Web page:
In the early 1840s, Kuniyoshi took up the theme of landscape prints again, after some more than five years silence on this front. Alas, for reasons unknown, the project was stopped after only five designs had come out. Was it the poor reaction of the print buying public, or was it beyond the capacity of the publisher Murataya Jirōbei, or was it the poets involved in some of the prints? Anyway, we are left with only five of thirty-six scheduled/promised designs in the series Thirty-six Views of Mount Fuji Seen from the Eastern Capital (Tōto Fujimi sanjūrokkei).

Kuniyoshi: Mount Fuji with a Clear Sky from the Open Sea at Tsukudajima Island

For Kuniyoshi, the series seems to have been a tribute to Hokusai whom he greatly admired. Not only does the ‘Thirty-six’ in the series title evoke Hokusai’s famous Thirty-six Views of Mount Fuji (Fugaku sanjūrokkei) of the early 1830s, also the writing of the name of the mountain with characters literally reading ‘Not two,’  meaning  ’Second to none,’ calls into mind the characters used in the titles of the plates in Hokusai’s Hundred Views of Mount Fuji (Fugaku hyakkei) albums.

As for the dating of the Kuniyoshi series, Robinson 1961 has c.1843; Nagoya 1996 has c.1844; Ota 2011 has c.1844; Iwakiri 2013 has c.1843; Menegazzo 2017 has c.1843. I myself had dated the series to ‘early 1840s,’ actually rather thinking of a date around 1842/43. And that was before I realised that the plate of the fisherman pulling up his large net was to be found in volume three of the Hundred Views of Mount Fuji (Fugaku hyakkei) album, and not in volumes one or two. The fisherman in Hokusai’s plate titled Mount Fuji Behind the Net (Amiura no Fuji) is almost literally copied by Kuniyoshi in his plate Mount Fuji with a Clear Sky from the Open Sea at Tsukudajima Island (Tsukuda oki kaisei no Fuji) – actually writing characters reading ‘seiten’ and indicating that they should be read ‘kaisei’, as in the Fuji in South Wind and Clear Sky (Gaifū kaisei) plate in Hokusai’s Thirty-six Views.

Hokusai: Mount Fuji Behind the Net, from Fugaku hyakkei vol. 3

The date of publication for the two first volumes of the Hundred Views of Mount Fuji is no problem, these are clearly indicated at the end as 1834 and 1835. But the third volume was issued without any such a date, moreover by a different publisher than the two earlier volumes. It is now commonly accepted that the designs were finished by Hokusai and also the blocks were cut by Egawa Sentarō, or at least under his supervision, as early as 1835 for publication in 1836. This we may conclude from a letter of Hokusai to the publishers Kobayashi Shinbei and two others, asking them to contract Egawa for some future project, as his work on the ’three volumes of the Hundred Views surpassed that of many others’ (see Iijima Kyoshin, Katsushika Hokusaiden, Vol. 1, pp. 54f).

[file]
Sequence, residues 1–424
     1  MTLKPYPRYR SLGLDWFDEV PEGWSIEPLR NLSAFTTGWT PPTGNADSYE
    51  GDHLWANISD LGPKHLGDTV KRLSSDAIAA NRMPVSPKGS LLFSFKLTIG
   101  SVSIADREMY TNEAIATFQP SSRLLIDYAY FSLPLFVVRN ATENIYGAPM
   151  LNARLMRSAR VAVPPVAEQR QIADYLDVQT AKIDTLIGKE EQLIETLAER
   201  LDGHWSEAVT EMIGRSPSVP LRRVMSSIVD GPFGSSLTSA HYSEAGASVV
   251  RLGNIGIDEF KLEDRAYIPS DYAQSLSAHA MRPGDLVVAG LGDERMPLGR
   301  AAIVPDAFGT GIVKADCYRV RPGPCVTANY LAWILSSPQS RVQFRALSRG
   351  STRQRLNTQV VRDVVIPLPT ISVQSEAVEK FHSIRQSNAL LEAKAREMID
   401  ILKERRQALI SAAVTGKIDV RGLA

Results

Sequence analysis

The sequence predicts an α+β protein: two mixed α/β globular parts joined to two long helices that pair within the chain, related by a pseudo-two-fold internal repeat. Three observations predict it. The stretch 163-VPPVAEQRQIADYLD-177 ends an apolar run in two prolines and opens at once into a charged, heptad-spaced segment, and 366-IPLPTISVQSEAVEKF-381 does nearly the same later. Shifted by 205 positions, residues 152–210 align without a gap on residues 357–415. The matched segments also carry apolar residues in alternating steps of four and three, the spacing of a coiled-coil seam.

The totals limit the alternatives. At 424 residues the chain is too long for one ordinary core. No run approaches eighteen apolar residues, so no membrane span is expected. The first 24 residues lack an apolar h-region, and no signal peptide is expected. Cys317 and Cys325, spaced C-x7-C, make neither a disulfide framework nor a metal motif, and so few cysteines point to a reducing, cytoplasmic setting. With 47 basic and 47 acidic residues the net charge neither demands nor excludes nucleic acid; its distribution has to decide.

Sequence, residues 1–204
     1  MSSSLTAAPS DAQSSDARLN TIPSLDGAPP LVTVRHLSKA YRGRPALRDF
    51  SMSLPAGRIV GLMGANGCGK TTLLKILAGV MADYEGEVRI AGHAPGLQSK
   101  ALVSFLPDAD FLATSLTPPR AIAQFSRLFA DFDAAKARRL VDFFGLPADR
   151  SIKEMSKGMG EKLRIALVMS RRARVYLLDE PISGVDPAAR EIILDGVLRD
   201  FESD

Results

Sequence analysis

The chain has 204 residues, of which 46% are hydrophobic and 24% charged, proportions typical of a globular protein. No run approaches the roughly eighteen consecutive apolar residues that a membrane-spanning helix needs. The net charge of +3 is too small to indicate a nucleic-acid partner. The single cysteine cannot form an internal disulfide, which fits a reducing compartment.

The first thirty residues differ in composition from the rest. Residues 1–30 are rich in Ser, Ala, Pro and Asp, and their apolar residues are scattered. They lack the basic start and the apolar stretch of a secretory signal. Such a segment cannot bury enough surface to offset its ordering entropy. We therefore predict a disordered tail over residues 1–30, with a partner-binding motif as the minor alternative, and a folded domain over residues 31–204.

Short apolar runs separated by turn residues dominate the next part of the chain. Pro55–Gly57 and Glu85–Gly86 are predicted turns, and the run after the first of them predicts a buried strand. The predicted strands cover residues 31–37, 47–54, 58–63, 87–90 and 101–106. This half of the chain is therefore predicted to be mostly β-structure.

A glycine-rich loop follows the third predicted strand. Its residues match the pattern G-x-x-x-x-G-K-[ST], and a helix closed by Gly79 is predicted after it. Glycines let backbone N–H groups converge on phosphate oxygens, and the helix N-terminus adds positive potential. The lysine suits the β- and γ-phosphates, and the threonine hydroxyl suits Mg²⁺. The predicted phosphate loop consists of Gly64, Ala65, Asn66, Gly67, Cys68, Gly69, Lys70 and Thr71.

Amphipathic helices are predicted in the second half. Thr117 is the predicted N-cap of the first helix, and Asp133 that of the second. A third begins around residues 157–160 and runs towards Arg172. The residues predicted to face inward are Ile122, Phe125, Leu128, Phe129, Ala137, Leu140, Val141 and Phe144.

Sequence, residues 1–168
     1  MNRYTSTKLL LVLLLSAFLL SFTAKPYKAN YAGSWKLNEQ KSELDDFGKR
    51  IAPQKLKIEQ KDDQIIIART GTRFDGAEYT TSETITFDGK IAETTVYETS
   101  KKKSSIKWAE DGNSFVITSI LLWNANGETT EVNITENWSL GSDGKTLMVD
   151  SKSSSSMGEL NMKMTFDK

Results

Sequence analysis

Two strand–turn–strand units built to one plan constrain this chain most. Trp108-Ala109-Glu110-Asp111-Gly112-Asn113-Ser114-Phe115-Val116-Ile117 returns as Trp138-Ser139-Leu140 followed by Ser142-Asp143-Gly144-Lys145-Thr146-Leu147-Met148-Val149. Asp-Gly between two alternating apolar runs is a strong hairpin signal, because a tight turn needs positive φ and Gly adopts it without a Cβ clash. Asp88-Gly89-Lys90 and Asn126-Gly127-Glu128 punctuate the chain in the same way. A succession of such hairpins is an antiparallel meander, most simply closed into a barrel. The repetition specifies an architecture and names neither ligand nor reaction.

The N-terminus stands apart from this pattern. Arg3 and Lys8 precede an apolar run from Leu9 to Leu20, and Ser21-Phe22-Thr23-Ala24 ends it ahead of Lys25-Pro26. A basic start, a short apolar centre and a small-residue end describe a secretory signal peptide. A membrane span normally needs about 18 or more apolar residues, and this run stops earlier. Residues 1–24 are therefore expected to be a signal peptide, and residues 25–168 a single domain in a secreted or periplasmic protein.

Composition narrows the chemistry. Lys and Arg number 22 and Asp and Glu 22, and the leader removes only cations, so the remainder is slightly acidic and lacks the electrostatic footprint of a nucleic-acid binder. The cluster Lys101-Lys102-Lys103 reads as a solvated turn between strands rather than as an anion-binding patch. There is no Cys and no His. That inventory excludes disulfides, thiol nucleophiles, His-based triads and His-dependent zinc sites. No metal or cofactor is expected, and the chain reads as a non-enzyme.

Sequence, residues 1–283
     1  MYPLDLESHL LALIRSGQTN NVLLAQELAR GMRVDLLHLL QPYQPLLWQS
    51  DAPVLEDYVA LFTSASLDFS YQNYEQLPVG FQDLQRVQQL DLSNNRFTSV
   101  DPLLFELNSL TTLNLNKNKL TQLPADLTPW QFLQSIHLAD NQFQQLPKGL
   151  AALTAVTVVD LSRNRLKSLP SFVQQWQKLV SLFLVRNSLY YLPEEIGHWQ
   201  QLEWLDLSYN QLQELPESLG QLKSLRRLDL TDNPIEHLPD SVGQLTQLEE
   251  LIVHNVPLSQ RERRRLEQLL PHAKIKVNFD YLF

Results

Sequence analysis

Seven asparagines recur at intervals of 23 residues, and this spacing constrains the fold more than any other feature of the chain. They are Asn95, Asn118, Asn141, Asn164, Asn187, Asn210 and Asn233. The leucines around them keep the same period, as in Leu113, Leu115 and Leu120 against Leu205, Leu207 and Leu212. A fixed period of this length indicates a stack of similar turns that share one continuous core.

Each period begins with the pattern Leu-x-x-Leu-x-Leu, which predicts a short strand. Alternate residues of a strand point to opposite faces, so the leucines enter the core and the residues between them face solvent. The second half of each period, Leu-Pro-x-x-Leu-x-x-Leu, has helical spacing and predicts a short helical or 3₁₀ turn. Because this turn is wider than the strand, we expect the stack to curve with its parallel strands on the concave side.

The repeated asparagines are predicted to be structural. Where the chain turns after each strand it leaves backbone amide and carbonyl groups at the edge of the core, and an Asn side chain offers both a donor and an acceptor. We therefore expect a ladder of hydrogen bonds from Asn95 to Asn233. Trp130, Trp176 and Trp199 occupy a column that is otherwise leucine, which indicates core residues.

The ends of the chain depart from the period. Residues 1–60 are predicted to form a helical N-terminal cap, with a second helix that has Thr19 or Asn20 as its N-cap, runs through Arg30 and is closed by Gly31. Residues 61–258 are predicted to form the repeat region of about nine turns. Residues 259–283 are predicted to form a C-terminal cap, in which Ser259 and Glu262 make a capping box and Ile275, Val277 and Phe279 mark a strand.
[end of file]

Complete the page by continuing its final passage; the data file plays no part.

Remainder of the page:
But then the long-established firm of the publisher Nishimuraya Yohachi went bankrupt and Nishimuraya was obliged to sell the blocks of all three volumes, which were then acquired by Eirakuya Tōshirō of Nagoya. Eirakuya then waited until the worst of the Tenpō crisis was over – which was probably also the reason why Nishimuraya went bankrupt – and then he brought out his edition of the three volumes of the Hundred Views.

As there is a reference to Hokusai as ‘the old man of over ninety’ in the preface to volume three, Suzuki 1986 (p. 205) believed that this volume was published around 1849, the year Hokusai died, aged 90. Nagata 1985 (p. 161) records volume three as undated, but positions it in between publications of 1840/II and 1841/Autumn (much earlier, in an article in Ukiyoe Art, no. 47 [1975] Nagata still held the date of publication to be ‘c.1849’). Forrer 1985 (p. 173) was the first to suggest a date around 1842, on the basis of the advertisements that Eirakuya included in his first edition of Hokusai’s Hundred Views of Mount Fuji. But I must say that I never bothered to check who was following me except from Nagata sensei. Anyway, the date of c.1842 would be perfectly in agreement with the various datings of Kuniyoshi’s Thirty-six Views of Mount Fuji seen from the Eastern Capital where he acknowledges to have seen all three of the Hokusai Hundred Views albums.